A wonderful example of a work in progress is Solomon's Castle in Florida. Continue reading to learn about the evolution of this unusual home made from recycled materials.
Howard Solomon is a sculptor whose primary media is found and recycled objects. His biggest undertaking -- at 10,000 square feet -- is his personal residence, which he started building more than 30 years ago and kept on building for 30 years.
With a shimmering facade of recycled printing-press plates, a tower with a bed-and-breakfast suite, and numerous galleries to showcase his unusual art, the castle was on the market at the time of this writing, with an asking price of a cool $5 million.
Learn about a leaning tower in an unlikely spot on the next page.
The Georgia Guidestones near Elberton, Georgia are a cryptic granite message-bearer influenced by Britain's Stonehenge.
The 19-foot-tall monument espouses visitors to follow ten principles carved into its surface in eight languages, including the tenet, "Avoid petty laws and useless officials."
The monument also doubles as a 19-ton clock.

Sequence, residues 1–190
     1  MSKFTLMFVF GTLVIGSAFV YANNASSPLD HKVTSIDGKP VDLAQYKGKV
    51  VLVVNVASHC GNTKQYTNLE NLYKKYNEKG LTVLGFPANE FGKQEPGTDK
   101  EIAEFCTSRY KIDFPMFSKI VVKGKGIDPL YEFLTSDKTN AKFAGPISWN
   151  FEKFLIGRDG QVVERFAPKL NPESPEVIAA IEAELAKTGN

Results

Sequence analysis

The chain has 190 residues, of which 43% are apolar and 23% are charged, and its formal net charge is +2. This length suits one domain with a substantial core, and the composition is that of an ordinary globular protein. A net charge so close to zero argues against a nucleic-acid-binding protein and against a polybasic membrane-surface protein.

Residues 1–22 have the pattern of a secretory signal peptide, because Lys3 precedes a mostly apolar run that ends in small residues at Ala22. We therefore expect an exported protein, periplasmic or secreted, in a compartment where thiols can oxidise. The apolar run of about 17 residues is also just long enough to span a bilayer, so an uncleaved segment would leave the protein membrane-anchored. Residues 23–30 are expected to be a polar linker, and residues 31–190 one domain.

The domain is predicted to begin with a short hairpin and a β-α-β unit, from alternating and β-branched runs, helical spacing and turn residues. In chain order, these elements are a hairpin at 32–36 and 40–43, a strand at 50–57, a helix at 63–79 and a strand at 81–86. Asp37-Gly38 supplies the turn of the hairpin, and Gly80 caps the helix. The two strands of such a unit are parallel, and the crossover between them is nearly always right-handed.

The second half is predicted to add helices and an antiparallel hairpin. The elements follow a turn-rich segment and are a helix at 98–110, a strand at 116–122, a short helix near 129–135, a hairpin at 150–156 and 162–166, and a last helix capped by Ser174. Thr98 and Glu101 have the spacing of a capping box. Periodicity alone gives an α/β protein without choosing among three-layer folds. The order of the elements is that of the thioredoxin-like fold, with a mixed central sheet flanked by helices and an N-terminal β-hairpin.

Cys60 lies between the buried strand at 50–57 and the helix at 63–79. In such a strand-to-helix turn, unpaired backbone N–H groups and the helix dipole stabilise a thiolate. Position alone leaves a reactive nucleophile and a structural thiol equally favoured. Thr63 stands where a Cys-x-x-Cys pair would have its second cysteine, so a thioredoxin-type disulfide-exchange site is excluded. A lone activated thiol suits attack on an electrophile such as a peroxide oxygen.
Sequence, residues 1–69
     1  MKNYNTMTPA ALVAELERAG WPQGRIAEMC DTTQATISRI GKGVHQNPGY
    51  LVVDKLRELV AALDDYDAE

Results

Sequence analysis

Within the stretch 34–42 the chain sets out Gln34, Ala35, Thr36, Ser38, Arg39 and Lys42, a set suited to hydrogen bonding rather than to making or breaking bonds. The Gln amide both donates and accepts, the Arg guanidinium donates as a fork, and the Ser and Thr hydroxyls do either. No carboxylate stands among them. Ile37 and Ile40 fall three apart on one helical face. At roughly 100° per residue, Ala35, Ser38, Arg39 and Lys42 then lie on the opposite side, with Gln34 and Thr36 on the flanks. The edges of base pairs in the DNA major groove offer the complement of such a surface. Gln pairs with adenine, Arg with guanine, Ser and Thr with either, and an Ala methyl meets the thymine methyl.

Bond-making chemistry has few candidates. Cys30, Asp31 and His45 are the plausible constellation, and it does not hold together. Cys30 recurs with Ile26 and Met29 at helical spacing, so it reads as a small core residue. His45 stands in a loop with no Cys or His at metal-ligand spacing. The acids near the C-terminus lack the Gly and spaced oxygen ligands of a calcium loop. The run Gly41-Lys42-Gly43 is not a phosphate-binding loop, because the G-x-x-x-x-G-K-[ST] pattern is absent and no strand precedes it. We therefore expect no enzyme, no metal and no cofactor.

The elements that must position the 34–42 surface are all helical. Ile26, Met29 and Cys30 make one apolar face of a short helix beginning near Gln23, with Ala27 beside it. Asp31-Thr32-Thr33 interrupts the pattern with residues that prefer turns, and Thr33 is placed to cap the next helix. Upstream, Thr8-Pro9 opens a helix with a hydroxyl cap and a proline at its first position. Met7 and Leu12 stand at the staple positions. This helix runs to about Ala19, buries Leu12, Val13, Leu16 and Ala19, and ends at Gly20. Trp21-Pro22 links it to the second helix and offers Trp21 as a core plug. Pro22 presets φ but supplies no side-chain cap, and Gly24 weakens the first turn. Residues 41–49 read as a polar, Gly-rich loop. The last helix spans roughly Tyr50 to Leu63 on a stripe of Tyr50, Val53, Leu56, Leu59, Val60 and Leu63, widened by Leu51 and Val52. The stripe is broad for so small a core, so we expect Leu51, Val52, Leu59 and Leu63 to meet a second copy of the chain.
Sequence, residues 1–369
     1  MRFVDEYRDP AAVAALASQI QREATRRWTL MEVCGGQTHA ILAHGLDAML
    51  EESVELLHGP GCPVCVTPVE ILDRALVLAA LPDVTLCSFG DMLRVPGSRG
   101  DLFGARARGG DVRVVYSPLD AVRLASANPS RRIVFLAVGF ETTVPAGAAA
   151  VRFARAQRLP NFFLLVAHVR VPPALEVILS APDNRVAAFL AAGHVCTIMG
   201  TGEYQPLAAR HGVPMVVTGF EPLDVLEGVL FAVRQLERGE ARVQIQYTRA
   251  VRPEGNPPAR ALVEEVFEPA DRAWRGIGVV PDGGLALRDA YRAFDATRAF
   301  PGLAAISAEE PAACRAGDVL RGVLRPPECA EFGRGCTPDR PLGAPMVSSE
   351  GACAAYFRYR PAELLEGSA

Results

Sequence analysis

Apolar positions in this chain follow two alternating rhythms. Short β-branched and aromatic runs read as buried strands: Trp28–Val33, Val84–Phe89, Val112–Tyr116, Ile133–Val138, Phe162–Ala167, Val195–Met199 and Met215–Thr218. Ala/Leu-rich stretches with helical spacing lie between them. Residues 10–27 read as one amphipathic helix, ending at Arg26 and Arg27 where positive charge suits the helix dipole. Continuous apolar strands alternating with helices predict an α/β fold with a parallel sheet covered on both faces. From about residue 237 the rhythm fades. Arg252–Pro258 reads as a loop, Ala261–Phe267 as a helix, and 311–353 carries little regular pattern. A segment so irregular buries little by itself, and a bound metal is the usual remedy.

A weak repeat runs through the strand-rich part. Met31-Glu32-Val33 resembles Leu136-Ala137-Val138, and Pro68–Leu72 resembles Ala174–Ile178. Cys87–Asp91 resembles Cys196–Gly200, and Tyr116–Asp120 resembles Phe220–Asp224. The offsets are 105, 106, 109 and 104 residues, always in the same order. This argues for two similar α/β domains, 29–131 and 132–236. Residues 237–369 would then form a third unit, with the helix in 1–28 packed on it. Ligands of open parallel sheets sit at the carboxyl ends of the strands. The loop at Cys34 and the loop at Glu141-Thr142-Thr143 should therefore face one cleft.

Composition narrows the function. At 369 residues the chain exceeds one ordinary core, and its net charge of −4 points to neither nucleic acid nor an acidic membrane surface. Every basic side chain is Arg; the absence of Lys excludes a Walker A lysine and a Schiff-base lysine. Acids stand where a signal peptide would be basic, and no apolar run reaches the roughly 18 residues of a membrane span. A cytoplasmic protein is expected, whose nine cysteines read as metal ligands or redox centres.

Another European treasure finds a home in the U.S. On the next page, learn about Pisa, Italy's sister city and it's familiar landmark.
In 1934, local businessman Robert Ilg built a recreation park for his employees that consisted of two swimming pools, two cabanas, and one very unusual covering for the pools' water tank: a half-size replica of the Leaning Tower of Pisa that was later dedicated to the town.
The existence of the tower made a bit more sense when Niles and Pisa consummated a sister-city relationship in 1991.
Birds can have dream homes, too! Learn about the Purple Martin House in the next section.
Positioned in boggy terrain betwixt the Missouri and Illinois rivers, Griggsville long put up with a serious mosquito infestation until the local Jaycees became wise to the fact that purple martins are the bird world's most prolific skeeter-eaters.
To fend off the bugs, in 1962 they commissioned a manufacturer to make dream homes for the birds. These homes were positioned along Quincy Street, which is now known as Purple Martin Boulevard.
Pass the fries, and check out the worlds' largest catsup bottle on the next page.
Dating back to 1949, this water tower was built to promote Brooks catsup.
The170-foot-tall water tower near downtown Collinsville, Illinois, enjoyed a restoration in 1995 as a result of efforts by the Catsup Bottle Preservation Group, who saved the tower from demolition and oversaw its overhaul.
Step into the Land of Oz by checking out Dorothy's House on the next page.
"There's no place like home," chanted The Wizard of Oz's Dorothy Gale as she clicked her ruby slipper-clad feet together.